We recently changed our Internet Service Provider (ISP) to switch to a better value plan with National Broadband Network (NBN). A modem/router was supplied by the ISP as part of the new plan. This was pre-configured to connect to the Internet and establish a Wifi network without needing to change any settings.
It is common practice to receive a modem/router from your ISP pre-configured which makes setup quick and easy. Despite this my wife still wanted my help with it so you are not alone if you still find this daunting. She also said my last post about UTMs was too technical for most people and I should simplify things to make it more helpful.
Anyway the settings for the Wifi network are printed on the back of the modem/router as is the case for most models – look underneath if these are not obvious. This included the network names (or SSID) for the 2.4GHz band and the 5GHz band along with the password to login to the wireless. In this case the sticker simply said security rather than password.
The main difference between the two bands is 2.4GHz has slightly longer range buy may be slower and 5GHz is shorter range and will usually be faster. Some older devices may not display or be able to connect to the 5GHz band. You will usually want to connect your device to the 5GHz band if you are able to.
It was quick and simple to setup. First we needed to connect the DSL socket of the modem (this is the grey port on the left) into the phone line using the grey phone cable supplied. Then after we turned it on, it connected to the Internet and broadcast the WiFi signal for both bands. To connect we just needed to select the SSID from the Wifi setting on our phone or computer and we had access to the Internet.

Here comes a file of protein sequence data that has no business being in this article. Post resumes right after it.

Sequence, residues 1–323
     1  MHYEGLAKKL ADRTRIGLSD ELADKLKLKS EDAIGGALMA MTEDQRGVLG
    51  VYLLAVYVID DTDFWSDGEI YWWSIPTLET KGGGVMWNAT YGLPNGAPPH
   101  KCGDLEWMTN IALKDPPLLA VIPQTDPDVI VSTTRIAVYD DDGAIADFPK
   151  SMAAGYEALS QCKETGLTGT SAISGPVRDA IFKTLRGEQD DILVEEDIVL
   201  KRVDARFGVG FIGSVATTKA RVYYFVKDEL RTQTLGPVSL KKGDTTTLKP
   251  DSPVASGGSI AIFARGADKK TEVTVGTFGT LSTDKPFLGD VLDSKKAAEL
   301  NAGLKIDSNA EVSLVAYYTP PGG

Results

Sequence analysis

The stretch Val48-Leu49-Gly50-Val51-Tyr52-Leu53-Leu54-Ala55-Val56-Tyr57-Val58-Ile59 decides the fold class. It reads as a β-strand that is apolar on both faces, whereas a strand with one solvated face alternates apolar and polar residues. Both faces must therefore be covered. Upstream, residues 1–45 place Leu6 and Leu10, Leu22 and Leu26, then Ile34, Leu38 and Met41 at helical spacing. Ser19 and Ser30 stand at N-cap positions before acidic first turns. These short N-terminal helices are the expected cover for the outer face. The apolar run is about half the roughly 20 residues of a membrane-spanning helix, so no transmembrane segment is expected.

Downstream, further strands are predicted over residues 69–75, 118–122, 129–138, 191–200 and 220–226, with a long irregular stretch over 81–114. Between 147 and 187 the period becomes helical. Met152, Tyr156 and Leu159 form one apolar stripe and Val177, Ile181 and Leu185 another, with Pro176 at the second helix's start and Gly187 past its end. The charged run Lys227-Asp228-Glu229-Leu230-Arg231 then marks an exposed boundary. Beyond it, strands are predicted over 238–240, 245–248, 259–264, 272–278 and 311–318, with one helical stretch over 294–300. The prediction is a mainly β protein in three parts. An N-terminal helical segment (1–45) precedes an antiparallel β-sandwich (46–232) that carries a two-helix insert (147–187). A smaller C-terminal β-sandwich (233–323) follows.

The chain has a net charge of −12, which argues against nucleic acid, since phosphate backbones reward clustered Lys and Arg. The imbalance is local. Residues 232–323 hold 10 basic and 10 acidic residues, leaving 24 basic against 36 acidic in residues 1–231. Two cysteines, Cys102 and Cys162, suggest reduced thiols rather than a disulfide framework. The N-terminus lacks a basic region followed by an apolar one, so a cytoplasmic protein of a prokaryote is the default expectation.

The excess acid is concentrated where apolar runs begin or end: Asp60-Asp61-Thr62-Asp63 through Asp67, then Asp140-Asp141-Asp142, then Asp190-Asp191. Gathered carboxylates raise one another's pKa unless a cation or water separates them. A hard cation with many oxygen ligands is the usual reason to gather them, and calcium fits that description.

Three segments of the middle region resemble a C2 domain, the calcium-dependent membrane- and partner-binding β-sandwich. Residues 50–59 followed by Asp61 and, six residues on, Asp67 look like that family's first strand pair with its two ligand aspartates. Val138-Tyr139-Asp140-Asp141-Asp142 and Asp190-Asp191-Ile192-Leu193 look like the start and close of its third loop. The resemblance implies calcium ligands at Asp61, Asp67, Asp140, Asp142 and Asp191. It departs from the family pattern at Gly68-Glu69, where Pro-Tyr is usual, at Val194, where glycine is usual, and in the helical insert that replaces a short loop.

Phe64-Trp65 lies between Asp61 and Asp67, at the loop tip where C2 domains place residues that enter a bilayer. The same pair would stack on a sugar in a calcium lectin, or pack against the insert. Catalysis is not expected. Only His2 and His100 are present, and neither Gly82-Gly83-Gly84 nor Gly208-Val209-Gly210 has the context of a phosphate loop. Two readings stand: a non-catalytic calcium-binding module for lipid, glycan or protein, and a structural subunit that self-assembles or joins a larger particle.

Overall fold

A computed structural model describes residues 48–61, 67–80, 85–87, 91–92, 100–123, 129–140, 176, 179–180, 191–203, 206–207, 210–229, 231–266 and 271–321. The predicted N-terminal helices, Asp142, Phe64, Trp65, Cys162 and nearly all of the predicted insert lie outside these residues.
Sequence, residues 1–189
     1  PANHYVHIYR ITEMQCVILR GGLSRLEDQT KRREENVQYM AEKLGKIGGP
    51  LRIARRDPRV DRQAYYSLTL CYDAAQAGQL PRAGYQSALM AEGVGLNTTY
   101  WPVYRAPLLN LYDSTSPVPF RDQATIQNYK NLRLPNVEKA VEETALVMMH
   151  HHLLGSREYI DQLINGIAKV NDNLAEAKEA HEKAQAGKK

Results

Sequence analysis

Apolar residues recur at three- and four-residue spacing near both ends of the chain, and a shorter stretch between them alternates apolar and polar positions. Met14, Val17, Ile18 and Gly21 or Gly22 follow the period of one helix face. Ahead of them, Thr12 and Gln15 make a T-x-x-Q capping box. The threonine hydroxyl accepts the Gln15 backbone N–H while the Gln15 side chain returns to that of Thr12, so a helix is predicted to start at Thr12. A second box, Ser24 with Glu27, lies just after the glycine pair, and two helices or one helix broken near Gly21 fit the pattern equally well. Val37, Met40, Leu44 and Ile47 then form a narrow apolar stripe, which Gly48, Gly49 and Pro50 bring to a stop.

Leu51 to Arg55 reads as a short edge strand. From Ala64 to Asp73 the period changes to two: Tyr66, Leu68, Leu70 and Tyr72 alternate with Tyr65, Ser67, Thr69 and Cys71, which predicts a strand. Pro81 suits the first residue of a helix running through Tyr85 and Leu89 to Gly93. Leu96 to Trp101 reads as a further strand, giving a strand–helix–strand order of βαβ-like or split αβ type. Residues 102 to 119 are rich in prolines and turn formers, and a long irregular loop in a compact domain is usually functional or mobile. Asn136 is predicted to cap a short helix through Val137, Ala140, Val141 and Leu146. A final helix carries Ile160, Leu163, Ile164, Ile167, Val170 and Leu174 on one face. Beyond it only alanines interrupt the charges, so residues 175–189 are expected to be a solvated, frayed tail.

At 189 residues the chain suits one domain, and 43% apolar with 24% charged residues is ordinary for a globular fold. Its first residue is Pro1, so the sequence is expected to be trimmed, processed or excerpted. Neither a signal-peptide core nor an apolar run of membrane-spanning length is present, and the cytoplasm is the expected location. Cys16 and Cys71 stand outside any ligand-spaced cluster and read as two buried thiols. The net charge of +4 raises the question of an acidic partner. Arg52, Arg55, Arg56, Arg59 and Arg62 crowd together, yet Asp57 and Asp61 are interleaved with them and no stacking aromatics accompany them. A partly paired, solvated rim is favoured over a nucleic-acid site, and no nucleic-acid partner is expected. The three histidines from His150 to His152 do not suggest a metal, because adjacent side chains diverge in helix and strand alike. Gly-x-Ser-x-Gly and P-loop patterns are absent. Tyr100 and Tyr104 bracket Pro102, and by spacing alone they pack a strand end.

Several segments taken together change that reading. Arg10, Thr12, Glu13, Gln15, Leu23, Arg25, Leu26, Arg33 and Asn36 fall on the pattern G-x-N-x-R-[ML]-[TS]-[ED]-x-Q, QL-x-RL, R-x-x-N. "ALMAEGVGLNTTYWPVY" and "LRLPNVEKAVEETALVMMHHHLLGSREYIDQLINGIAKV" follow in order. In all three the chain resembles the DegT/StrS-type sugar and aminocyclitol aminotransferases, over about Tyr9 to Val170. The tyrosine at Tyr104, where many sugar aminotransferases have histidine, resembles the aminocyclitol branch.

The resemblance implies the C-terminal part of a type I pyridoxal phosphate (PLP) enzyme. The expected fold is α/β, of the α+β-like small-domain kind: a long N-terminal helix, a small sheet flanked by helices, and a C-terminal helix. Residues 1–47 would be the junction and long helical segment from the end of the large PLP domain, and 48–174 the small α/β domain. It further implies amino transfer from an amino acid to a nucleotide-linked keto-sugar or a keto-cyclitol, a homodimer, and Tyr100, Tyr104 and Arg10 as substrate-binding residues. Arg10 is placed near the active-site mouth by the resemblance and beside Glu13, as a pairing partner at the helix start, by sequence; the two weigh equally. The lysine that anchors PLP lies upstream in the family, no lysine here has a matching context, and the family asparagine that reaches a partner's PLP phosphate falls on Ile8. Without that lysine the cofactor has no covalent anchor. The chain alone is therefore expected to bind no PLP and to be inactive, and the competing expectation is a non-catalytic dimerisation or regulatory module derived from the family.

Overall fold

Of course there are a few basic settings that you should consider changing. The instructions for the modem included how to login which was to enter the URL in a web browser which is typically something like http://192.168.1.1. This presents a login screen and in this case the user name was admin and the password admin. This password should be changed immediately to something secure that will be remembered.
The other settings that you should consider changing immediately are the default network names and passwords which are printed on the router. Anyone with access to the router can use these to login to your network. I suggest you use something that is unique but does not identify you by name or address such as mynewnetwork2G and myothernetwork5G. Please make sure you remember the new network passwords.
Changing the admin password and the network names and passwords is are the most important first steps in securing your home network. You should also ensure that auto update is turned on for your router software and consider disabling WPS if there is an option to do this. Next you can look into the security features of your router’s firmware. In most cases I would recommend using an alternative router to those supplied by ISPs but you may not want or need to do this.